• Michael McDevitt
    FEB 07, 2024

    Beale, Cardenas speak against Bring Chicago Home to property owner group

    Ald. Anthony Beale (9) said he's opposed to the Bring Chicago Home ballot measure because he's worried it could stymie investment in Black communities like those in his ward. [Don Vincent/The Daily Line]

    A Far South Side alderperson and a member of the Cook County Board of Review spoke out against the Bring Chicago Home proposal during a virtual meeting hosted by the Neighborhood Building Owners Alliance (NBOA) on Tuesday.

    The Bring Chicago Home proposal, which will go before voters to decide in next month’s primary election, would raise the real estate transfer tax on property sales over $1 million and lower the tax on property sales under $1 million. Revenue raised from the increased tax would be used to address homelessness in the city.

    The ballot measure bundles three proposed changes into one overall question for voters to decide on. The question asks voters to approve a decrease of the real estate transfer tax to 0.6 percent for properties under $1 million, an increase to 2 percent for sales between $1 million and $1.5 million and an increase to 3 percent for property transfers above $1.5 million. 

    Board of Review Comm. George Cardenas said “this is going to be a huge problem” for renters by “raising the rents for people that are already overburdened when it comes to housing costs.”

    “On the one hand, we talked about ending homelessness through this tax, but those impacted will be those that are in the multiple units and those apartment buildings that are in that range that potentially change hands,” Cardenas said. 

    “God knows we don’t want any more homeless people,” the board of review commissioner further said. 

    Ald. Anthony Beale (9) said that he believed approval of the Bring Chicago Home tax would impede development in underserved Black communities where progress is being made. 

    “I probably have one of the fastest growing African American wards in the city of Chicago,” Beale said. “Putting burdens like this, it's going to hurt me, it's no doubt going to hurt me because prices are going to go up and taxes are going to go up, and these businesses are not going to take a chance on the community if they don't feel like they're being supported.”  

    The NBOA and a number of other organizations opposed to the referendum filed a lawsuit in Cook County Circuit Court last month to try to get the question thrown off the ballot. The next hearing on the lawsuit is expected Feb. 14. 

    Related: Lawsuit filed with Circuit Court in effort to stop Bring Chicago Home referendum 

    The lawsuit alleges that the city bundling a real estate transfer tax increase on high-end sales with a tax decrease on less expensive sales is an example of prohibited logrolling. It also alleges the ballot question is unconstitutional because it is not specific enough about how the revenue raised will be used.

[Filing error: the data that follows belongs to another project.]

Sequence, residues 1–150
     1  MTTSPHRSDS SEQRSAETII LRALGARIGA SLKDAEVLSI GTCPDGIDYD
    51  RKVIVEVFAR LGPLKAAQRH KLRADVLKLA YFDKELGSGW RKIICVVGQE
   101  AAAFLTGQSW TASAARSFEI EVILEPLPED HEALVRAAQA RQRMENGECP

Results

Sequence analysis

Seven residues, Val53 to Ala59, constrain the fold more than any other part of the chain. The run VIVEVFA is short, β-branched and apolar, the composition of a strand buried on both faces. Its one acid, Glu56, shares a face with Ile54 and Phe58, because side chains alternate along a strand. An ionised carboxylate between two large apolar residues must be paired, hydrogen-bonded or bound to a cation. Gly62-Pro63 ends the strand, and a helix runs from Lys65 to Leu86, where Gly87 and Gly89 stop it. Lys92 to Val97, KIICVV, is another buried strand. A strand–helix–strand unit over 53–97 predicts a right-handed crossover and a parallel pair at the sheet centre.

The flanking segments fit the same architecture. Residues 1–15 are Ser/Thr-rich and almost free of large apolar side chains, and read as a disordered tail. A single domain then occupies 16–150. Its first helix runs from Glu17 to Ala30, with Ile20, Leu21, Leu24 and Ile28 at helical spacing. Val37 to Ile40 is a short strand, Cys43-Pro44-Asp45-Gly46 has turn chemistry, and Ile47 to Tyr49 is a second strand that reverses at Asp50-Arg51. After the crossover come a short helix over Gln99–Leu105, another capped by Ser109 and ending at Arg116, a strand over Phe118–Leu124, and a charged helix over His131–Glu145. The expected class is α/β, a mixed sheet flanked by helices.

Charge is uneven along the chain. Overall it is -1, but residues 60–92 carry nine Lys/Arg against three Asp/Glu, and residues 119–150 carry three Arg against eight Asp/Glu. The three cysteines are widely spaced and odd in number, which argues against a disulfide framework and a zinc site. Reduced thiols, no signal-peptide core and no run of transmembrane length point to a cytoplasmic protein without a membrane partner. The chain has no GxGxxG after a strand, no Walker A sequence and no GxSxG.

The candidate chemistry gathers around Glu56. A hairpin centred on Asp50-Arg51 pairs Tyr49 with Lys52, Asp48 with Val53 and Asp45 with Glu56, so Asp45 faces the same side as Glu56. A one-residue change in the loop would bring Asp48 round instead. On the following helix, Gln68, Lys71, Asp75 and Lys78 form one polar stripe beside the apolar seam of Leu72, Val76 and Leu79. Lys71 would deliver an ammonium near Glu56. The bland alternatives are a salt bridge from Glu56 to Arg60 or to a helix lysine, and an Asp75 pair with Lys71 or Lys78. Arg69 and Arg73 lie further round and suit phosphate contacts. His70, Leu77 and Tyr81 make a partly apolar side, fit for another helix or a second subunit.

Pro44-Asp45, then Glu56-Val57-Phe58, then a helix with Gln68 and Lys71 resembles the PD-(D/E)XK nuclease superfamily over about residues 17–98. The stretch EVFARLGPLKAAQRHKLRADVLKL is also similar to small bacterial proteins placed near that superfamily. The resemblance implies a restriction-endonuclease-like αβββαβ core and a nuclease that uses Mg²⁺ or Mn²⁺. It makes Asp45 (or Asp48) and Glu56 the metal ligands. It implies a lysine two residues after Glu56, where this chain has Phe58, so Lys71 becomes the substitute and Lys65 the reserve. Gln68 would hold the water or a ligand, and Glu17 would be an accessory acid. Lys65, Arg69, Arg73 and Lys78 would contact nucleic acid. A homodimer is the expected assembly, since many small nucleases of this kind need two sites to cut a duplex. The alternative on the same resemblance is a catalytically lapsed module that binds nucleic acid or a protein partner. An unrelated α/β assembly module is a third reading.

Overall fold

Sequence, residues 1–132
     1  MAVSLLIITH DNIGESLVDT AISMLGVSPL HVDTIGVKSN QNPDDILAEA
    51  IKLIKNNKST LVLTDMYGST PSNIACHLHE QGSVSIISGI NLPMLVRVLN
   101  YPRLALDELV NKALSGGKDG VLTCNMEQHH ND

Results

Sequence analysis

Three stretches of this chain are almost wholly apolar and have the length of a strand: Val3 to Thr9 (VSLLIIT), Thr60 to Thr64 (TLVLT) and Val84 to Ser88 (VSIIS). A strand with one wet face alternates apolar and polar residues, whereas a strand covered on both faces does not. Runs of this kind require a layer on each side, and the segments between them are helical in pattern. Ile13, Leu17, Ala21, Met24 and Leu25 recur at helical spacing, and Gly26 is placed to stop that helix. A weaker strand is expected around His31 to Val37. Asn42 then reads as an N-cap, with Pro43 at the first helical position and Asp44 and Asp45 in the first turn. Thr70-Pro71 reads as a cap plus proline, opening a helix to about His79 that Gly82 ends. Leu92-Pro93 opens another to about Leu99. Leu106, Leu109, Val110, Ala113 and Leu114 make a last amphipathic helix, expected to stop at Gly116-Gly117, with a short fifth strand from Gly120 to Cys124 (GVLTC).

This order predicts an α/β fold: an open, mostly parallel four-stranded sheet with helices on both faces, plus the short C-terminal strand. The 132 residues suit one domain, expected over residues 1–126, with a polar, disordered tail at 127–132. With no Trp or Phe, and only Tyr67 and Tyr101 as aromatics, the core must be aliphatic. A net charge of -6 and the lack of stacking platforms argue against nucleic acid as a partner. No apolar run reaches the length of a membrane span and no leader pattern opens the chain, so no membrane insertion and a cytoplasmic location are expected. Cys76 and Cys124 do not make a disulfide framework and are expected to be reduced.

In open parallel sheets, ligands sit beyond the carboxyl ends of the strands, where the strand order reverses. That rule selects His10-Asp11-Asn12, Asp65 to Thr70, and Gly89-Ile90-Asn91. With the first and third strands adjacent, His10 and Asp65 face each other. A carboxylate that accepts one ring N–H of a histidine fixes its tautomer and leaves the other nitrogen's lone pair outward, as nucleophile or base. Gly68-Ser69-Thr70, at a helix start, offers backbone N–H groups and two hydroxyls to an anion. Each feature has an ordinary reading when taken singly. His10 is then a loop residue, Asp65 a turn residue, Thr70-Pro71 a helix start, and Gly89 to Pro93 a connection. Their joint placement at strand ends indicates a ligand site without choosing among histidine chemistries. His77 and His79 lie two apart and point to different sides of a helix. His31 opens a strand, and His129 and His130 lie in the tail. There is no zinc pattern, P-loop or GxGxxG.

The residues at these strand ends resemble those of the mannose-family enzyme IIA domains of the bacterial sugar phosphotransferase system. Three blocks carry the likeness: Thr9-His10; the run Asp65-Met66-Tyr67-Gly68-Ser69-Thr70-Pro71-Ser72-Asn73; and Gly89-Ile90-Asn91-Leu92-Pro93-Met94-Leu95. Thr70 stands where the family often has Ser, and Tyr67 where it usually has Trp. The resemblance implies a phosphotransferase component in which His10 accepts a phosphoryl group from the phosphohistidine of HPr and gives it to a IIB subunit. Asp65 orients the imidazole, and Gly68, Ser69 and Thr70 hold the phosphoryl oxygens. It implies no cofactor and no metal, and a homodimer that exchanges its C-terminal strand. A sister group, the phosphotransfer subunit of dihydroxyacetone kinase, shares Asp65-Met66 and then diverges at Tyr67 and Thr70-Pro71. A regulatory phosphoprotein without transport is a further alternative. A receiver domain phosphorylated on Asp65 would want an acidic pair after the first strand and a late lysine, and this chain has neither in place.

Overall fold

A political consultant helping run the campaign to defeat the referendum at the ballot box said during Tuesday’s meeting that the coalition of groups opposed to the referendum should not count on the question being tossed off the ballot. 

    Instead, speakers discussed the importance of getting out the vote, raising funds and running advertising to combat what the consultant portrayed as a well-oiled operation working toward Bring Chicago Home’s passage.  

    Political consultant Greg Goldner, whose firm Resolute Consulting is helping run the campaign against the measure, talked about messaging tactics to persuade people against supporting Bring Chicago Home, such as warning renters about potentially higher costs or redefining what opponents described as misleading terms like “mansion tax.”  

    “It is not a mansion tax. It is on all real estate transactions,” Goldner said. “It has impact in every neighborhood. If you own an apartment building on the West Side, it's going to be impacted by this. If you own a grocery store on the South Side or want to. If you want to create jobs in neighborhoods, it's going to have an impact everywhere in the city of Chicago.” 

    Goldner told the attendees “we can’t wait” for the lawsuit to play out in court and said the campaign against Bring Chicago Home would persist under the assumption that it will need to be defeated at the ballot box.

    “If we do hear back in a positive way on the lawsuit, our spending stops,” Goldner said. “We halt and we hold to understand what the next step is … But in the meantime, we have to move forward and we have to drive this into as many [voters’] minds as possible and get them to actually vote on Election Day.”

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